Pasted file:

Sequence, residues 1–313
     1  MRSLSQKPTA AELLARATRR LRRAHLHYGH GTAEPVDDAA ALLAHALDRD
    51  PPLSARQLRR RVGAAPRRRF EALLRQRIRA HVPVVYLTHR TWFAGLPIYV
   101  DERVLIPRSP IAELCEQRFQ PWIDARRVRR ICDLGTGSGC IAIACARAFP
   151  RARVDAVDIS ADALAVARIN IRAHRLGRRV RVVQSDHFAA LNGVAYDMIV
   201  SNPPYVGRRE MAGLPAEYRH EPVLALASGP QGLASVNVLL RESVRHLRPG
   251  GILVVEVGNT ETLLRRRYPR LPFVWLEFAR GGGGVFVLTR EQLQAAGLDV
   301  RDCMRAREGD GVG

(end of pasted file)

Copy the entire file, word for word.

Sequence, residues 1–313
     1  MRSLSQKPTA AELLARATRR LRRAHLHYGH GTAEPVDDAA ALLAHALDRD
    51  PPLSARQLRR RVGAAPRRRF EALLRQRIRA HVPVVYLTHR TWFAGLPIYV
   101  DERVLIPRSP IAELCEQRFQ PWIDARRVRR ICDLGTGSGC IAIACARAFP
   151  RARVDAVDIS ADALAVARIN IRAHRLGRRV RVVQSDHFAA LNGVAYDMIV
   201  SNPPYVGRRE MAGLPAEYRH EPVLALASGP QGLASVNVLL RESVRHLRPG
   251  GILVVEVGNT ETLLRRRYPR LPFVWLEFAR GGGGVFVLTR EQLQAAGLDV
   301  RDCMRAREGD GVG